View Full Version : Kitchen Make-up Air
02-03-2011, 01:18 PM
I'm wondering what methods have been used successfully to handle MUA for the large powerful kitchen range hoods that are popular today. I've seen methods for splicing a wire on the hood to activate a damper somewhere, but I'm concerned about voiding the warranty on the expensive hood.
The other question is where to bring that unconditioned air back into the house? I'm looking for a generic solution that would work in any area of the country.
Any recommendations or past experiences would be helpful!
02-03-2011, 01:31 PM
run a supply fan duct right down in front of the range...just an idea
02-03-2011, 01:32 PM
I am designing a new residential range hood for a major appliance manufacturer and want to solict some input from the people that are actually dealing with this type of thing everyday.
Here's where I am.
Hood is going to be 600 or 1200 CFM and per ASHRAE 62.2 needs to be able to control the MUA coming back into the house. This would need to work in every home in North America. Of course, cost is an issue.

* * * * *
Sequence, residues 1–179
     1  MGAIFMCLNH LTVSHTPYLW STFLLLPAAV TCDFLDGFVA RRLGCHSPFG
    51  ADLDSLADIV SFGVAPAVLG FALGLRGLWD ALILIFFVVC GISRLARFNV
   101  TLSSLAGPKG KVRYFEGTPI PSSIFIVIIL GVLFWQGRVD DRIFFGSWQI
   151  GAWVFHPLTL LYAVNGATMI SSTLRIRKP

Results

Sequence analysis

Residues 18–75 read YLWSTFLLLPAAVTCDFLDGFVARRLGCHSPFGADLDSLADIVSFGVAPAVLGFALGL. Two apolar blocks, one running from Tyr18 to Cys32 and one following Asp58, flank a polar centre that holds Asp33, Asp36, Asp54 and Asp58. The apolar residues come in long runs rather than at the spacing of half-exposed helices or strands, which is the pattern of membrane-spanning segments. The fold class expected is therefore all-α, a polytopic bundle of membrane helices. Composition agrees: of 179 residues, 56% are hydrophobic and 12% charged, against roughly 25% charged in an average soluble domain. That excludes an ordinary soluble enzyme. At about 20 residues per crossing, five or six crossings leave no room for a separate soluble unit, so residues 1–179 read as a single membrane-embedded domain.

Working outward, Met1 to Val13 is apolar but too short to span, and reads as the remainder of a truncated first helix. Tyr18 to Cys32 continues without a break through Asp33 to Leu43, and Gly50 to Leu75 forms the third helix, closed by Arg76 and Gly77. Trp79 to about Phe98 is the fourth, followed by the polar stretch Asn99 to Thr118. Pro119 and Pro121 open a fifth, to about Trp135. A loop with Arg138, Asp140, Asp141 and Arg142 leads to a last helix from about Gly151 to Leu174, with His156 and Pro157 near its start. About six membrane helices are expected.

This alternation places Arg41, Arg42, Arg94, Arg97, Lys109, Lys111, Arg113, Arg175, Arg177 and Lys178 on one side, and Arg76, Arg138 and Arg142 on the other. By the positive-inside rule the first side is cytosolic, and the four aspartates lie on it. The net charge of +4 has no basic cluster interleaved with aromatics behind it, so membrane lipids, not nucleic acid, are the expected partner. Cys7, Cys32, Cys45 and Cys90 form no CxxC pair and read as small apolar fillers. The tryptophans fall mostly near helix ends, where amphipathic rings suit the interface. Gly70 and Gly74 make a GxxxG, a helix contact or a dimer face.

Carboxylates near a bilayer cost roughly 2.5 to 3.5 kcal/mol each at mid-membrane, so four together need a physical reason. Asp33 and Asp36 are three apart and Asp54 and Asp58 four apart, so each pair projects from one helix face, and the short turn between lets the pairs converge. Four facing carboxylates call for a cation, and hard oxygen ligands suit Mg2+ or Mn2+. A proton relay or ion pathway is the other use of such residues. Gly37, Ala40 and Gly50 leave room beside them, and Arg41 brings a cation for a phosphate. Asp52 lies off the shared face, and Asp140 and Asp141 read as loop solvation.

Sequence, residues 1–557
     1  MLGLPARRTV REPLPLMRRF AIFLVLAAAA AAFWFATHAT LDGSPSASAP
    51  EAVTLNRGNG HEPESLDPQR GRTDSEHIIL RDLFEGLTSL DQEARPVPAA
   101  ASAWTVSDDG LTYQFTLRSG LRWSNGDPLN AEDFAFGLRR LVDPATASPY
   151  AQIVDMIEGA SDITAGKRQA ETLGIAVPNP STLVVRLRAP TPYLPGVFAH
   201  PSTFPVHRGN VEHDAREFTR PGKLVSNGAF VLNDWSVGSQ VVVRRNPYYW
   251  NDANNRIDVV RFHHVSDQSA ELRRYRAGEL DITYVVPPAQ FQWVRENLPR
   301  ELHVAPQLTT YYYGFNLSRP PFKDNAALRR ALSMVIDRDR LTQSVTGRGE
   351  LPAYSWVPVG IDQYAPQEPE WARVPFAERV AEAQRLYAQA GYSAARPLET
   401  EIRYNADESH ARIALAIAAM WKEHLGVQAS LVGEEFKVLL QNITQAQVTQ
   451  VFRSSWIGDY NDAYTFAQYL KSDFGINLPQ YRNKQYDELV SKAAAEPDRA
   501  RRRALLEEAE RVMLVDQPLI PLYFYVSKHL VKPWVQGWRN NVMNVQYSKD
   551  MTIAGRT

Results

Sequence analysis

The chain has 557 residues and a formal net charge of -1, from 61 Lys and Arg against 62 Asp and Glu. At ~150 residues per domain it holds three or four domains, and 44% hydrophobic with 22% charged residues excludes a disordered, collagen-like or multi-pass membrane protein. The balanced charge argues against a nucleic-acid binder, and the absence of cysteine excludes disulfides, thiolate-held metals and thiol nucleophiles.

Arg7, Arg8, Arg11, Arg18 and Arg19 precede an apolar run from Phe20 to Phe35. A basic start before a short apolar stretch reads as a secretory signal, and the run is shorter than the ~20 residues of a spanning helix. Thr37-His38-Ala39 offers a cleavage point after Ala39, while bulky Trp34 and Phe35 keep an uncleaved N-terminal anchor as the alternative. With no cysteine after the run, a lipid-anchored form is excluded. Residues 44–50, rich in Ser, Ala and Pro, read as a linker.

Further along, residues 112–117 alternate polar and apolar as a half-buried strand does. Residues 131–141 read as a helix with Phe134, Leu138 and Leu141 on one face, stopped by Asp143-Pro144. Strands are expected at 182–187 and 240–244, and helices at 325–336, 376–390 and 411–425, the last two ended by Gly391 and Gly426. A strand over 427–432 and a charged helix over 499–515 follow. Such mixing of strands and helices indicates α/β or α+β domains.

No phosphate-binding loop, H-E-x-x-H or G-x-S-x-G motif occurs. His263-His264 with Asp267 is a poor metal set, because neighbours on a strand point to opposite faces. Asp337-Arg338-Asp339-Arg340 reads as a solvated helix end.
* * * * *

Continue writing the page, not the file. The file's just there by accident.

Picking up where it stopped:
What way would you recommend having the hood "control" the MUA? Hard wire a motorized damper to the hood motor? Use some type of switch that the cook would turn on?
Where would the make-up air come into the house? I've seen some come under the range/cooktop, but I can't imagine having cold air blowing on my feet when I'm doing the cooking and have the hood on.
I know 600 or 1200 CFM is a lot for a range hood, but that is the assignment I have and that will not be reduced. There are hoods this size installed everyday, and there has to be a solution out there.
02-03-2011, 01:35 PM
I'm concerned about two things: First, this air blowing on the person at the cooktop might not be a good thing. Second, I'm not sure what this air supply would do to the performance of the cooktop (blowing the flames and heat around) or to the hood capturing all the smoke and steam from the food.
02-03-2011, 05:46 PM
pump the mua into the return of the hvac system for the house. It would disperse through the house evenly. if the air is too cold or warm, the thermostat would simply turn on the unit to condition the air. This only really works on houses with no door to the kitchen (which is most)
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